Politics of exclusion
How whiney NIMBYs keep others down
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by Wayne Laugesen (firstname.lastname@example.org)
It was a predictable parade of selfish hypocrisy at the Boulder City Council meeting. It was sad and telling, removing all doubt that modern liberals are really just statist materialists, hell-bent on getting government to protect their own personal wealth and lavish lifestyles.
Visualize about 40 people marching to a microphone, one at a time, nearly every one of them telling council members the same exact thing: Not In My Back Yard, by God!
The council was taking public feedback on a city proposal to revise its portion of the Boulder Valley Comprehensive Plan. The plan sets a vision for future development of the community, and guides the council and members of the Boulder Planning Board in decisions about zoning.
The city has proposed changes to the comprehensive plan that would allow denser housing development in various neighborhoods, mostly those near transportation thoroughfares. It's the only real "affordable housing" proposal Boulder has put forth. It's the only proposal that takes into account true economic principles, and accepts the fact that making housing more affordable in Boulder means allowing the market to provide more homes. It's a proposal that would reduce in-commuting, improve the balance between jobs and homes in Boulder, and for those reasons lesson our city's toll on the environment.
But when it gets right down to it, most Boulder residents couldn't care less about the health of the planet or the quality of our air. They care nothing about the social injustice of a community planned so poorly that middle class workers must commute from far away towns for lack of ability to find affordable homes in Boulder.
Boulder, quite simply, is best defined by greed. Don't believe it? Than watch a re-run of the April 17 city council meeting on municipal Channel 8. Here's what I saw:
And on, and on, and on. For several hours, it was "save the trees, save the horses, save the ducks, save the children, save my view, preserve my property value, etc., etc., etc."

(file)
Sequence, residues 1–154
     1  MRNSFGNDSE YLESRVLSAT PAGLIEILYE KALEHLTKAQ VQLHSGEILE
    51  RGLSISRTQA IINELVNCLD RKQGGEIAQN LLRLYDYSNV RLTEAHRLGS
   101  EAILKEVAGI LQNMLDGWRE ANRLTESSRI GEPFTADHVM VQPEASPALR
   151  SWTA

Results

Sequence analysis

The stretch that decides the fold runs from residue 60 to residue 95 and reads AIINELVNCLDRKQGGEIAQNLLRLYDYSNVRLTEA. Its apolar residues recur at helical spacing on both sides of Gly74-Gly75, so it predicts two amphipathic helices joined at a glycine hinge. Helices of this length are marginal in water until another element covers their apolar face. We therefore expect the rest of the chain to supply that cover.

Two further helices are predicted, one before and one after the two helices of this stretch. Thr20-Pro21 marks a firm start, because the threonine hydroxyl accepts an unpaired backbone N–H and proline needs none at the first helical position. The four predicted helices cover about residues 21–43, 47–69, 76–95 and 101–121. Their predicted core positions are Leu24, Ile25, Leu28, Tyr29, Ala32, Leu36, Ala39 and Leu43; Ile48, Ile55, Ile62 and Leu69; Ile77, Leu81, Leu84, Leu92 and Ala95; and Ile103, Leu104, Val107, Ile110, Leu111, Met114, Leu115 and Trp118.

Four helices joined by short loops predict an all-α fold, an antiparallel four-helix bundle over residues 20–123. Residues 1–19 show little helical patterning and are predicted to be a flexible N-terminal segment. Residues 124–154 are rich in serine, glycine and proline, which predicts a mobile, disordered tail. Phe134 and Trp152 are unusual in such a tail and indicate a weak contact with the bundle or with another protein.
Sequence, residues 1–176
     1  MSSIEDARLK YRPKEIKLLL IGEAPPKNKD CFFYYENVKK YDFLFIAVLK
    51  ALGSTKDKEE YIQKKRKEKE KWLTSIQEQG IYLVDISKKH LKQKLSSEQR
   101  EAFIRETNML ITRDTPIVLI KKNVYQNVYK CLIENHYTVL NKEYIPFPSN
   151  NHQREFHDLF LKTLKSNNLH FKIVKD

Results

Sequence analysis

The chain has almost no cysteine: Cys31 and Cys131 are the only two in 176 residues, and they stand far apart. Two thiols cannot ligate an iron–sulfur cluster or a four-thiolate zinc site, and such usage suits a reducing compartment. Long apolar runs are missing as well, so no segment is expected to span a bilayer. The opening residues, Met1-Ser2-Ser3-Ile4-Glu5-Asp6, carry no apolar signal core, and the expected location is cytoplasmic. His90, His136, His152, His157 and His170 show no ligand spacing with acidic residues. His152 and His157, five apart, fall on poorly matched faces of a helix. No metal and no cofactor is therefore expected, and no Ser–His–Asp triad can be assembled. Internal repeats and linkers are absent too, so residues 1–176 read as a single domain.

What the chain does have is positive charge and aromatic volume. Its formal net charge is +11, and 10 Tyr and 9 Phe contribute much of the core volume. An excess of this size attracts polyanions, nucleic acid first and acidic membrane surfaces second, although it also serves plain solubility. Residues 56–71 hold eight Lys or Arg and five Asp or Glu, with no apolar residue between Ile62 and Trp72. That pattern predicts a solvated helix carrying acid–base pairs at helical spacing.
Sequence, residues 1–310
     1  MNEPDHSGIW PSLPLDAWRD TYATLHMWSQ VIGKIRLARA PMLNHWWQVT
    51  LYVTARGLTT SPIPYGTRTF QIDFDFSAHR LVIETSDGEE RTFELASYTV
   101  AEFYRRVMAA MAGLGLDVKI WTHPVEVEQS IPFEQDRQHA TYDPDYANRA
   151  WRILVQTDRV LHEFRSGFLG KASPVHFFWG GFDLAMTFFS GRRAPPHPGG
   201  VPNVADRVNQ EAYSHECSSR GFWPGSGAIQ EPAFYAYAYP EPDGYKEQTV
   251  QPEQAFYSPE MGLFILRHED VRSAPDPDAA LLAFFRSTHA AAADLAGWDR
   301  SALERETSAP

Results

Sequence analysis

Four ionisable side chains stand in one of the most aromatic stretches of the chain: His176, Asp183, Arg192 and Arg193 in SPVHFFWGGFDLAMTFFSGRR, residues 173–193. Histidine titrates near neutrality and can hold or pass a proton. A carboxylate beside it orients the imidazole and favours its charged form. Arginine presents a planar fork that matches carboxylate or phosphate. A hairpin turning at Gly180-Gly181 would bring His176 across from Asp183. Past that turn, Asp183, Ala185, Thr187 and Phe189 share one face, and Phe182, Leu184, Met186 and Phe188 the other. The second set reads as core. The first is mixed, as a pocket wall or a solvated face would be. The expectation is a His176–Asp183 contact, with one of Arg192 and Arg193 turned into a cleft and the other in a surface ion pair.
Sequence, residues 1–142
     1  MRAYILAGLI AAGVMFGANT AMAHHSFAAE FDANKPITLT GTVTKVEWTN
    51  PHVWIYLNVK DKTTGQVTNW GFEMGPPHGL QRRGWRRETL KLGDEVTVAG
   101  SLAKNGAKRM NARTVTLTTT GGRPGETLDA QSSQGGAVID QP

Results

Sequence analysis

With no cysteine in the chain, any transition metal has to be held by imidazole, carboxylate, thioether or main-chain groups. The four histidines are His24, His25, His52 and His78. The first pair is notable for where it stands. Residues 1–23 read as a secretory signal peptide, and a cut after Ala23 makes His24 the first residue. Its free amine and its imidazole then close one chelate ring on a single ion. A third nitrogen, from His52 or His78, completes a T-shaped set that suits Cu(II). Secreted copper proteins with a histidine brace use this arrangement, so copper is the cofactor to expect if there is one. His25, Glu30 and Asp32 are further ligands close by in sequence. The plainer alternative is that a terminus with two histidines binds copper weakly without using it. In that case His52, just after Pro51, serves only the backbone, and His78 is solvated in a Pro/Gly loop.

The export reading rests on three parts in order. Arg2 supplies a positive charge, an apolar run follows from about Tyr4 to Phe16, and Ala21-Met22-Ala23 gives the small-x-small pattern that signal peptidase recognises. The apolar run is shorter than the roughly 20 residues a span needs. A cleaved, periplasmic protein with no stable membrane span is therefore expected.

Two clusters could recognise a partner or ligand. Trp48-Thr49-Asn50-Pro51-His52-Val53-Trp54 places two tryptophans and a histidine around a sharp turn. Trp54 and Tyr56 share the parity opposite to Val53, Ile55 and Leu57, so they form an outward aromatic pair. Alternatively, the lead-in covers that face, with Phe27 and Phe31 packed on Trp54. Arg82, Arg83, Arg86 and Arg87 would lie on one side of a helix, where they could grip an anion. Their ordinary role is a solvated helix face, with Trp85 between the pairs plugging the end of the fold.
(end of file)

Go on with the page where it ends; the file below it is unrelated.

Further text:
All of these arguments were the same. In their own clever ways-using politically-correct buzz-words like "nature," "traffic," "wildlife," "mothers," and "children"-each of these people said: "I got mine, to hell with everyone else."
How is it that a community capable of this vile and callous display of disregard for the welfare of humanity enjoys a national reputation for progressive liberalism? When I was a young liberal, it meant acting with compassion toward those who can't find homes near their jobs. Liberalism meant the politics of inclusion.
Today, in Boulder, the definition of liberal has changed dramatically. Modern liberals don't cherish social justice. Instead, they value government and control. They want government controls to maintain an imbalance between themselves and others. It's "To hell with them. I live here now and I vote. Try getting re-elected by a local bank employee who commutes home to Globeville each night."
What's a politician to do? It's the only way to get elected and stay elected in this community. Boulder politics are 100 percent about exclusion. The mindset is this: "Save me from 'those people,' and I'll support you." Chances are, "those people"-should they ever find a home-will join in the politics of exclusion not long after settling in.
The depressing meeting had three bright spots:
But Boulder won't do that, because it would run counter to the profitable politics of exclusion. Unfortunately, too many "haves" in Boulder get their self worth, and their financial worth, from making sure the "have-nots" go home to Denver each night.